Letters for June 18, 2008
Longworth stirs the pot
As the past president of Destination Marketing Association of North Carolina, and someone who has known Bob McCoy for over 25 years, it is disheartening to see this happen to one of the most creative and dedicated tourism professionals in our state [“Kaplan should go, McCoy should stay”; June 11, by Jim Longworth].
Not only are the large destinations in North Carolina watching what is happening in Winston-Salem, but all small communities as well like Smithfield/Johnston County. Tourism professionals across the state know that we are accountable to many bosses in the community, our own board members, our stakeholders in the visitor industry, elected officials and most of all, the visitor, who really pays for the services we provide. When the day is done, bureaus have tax reports, ROI reports, booking reports, visitor research and the list goes on to verify our existence. We are probably the most cutinized public agencies in the state. I wonder if other government agencies could produce the numbers that CVBs do and all for funds that local citizens do not pay.
What I find ironic about this raid by the Arts Council for tourism funds is that it is happening in a community known as the City of the Arts, which the bureau has successfully branded over the years. Bob and his staff have done a tremendous job selling their destination as an arts community. What else does the arts community want? And can they do it better than the CVB and will they be accountable for how they spend tax dollars? All questions I doubt we would get answers to.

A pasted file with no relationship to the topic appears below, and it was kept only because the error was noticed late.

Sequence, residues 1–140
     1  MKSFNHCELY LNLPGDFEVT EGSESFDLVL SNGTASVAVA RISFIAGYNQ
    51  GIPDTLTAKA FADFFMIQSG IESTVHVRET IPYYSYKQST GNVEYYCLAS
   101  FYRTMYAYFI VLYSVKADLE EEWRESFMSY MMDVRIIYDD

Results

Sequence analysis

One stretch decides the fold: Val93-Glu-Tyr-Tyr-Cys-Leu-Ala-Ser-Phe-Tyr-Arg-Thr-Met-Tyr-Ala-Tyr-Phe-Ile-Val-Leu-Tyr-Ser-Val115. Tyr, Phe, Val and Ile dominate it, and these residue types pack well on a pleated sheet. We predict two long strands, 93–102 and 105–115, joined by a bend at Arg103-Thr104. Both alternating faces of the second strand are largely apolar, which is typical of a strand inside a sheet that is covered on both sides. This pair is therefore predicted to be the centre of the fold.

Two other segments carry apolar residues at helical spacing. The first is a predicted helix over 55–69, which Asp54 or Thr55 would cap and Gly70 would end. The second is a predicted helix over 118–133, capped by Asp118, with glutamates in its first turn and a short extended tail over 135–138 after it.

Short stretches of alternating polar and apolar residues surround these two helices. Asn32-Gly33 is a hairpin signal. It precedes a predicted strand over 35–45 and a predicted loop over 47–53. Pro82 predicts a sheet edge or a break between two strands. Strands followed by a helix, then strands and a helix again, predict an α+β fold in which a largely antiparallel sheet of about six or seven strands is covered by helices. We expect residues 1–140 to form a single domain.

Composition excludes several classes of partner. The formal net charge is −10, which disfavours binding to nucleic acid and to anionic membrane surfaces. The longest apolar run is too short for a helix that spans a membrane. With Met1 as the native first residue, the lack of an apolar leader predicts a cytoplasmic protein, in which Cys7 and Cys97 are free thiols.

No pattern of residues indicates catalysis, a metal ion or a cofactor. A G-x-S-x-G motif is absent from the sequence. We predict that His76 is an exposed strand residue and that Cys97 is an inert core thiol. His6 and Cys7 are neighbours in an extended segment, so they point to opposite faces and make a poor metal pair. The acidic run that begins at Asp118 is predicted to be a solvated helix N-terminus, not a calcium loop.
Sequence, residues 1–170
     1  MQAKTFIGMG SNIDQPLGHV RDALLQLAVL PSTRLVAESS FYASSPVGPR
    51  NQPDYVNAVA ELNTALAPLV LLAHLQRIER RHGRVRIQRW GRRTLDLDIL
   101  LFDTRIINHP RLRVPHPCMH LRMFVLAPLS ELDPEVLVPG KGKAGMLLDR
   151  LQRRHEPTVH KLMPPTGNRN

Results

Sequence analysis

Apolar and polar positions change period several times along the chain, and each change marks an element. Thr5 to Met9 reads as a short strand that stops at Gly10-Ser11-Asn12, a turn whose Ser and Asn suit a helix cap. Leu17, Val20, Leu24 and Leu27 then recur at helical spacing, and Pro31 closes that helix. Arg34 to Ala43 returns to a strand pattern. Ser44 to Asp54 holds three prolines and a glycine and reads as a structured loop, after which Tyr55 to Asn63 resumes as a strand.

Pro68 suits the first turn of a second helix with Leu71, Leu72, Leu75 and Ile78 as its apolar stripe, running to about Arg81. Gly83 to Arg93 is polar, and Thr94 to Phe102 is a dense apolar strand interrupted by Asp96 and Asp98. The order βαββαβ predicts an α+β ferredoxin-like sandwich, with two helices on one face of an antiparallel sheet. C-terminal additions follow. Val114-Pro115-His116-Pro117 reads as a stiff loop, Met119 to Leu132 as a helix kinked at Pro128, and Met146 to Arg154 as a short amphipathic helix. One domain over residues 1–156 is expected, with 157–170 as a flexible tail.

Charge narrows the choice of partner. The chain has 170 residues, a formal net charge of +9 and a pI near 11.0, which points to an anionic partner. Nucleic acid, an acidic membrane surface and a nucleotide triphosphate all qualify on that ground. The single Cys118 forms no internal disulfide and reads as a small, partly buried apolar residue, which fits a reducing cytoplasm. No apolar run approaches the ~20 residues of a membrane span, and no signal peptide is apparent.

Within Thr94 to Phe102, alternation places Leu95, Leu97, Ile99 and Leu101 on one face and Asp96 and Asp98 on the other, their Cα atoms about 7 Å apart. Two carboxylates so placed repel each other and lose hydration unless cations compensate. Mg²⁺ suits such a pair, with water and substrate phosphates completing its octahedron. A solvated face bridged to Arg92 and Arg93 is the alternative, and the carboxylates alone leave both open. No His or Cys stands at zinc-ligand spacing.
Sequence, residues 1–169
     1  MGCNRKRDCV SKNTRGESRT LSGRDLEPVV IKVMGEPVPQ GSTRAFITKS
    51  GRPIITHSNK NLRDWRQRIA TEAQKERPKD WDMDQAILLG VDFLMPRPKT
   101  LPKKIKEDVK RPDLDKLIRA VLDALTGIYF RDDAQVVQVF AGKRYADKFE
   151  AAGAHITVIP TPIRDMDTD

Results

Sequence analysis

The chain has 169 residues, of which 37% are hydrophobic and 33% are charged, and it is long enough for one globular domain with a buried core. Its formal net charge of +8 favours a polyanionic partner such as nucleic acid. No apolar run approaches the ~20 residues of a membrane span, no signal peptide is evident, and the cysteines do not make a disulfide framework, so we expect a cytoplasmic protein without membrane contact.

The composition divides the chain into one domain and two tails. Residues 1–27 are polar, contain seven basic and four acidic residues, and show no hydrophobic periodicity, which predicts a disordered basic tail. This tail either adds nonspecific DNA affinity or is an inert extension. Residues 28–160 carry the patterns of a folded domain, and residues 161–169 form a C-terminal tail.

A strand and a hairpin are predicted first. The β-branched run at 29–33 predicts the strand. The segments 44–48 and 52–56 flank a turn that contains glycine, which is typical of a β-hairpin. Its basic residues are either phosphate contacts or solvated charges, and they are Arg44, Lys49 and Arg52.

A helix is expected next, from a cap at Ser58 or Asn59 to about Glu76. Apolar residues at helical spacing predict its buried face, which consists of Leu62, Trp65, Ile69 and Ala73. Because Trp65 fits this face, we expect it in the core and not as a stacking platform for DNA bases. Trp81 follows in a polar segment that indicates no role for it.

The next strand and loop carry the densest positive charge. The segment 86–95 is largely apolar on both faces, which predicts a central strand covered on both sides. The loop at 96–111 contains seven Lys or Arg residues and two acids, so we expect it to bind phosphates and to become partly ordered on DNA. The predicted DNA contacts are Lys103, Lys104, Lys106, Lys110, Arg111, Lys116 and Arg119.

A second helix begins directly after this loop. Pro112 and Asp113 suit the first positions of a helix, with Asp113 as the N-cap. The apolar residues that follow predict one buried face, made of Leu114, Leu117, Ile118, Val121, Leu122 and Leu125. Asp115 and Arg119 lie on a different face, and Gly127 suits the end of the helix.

I would have to join Dana Clark and many others in saying that the facts in evidence show that the Winston-Salem CVB is operating as a leader in our state and should be allowed to continue the fine work they do for the community.
Bailey-Taylor is executive director of the Johnston County Visitors Bureau.
When I arrived in North Carolina three years ago to take the position of executive director for the Chapel Hill/Orange County Visitors Bureau, I immediately learned of the great things being done by Bob McCoy in Winston. I set out to visit and learn. He was gracious, generous with information and very helpful. I have copied many of his ideas and still send staff down to meet him. Bob is a leader, honest, kind and smart. I am sorry for this scrutiny. Our industry isn’t always easy to understand and the totality of our contribution isn’t always clear, but when meeting planners, hotels, events and visitors love you, spend money with you and bring their business back – that is a pretty clear message that something is working. Best wishes to Bob and team during this tough time of public scrutiny. They deserve their jobs and a raise for being humiliated.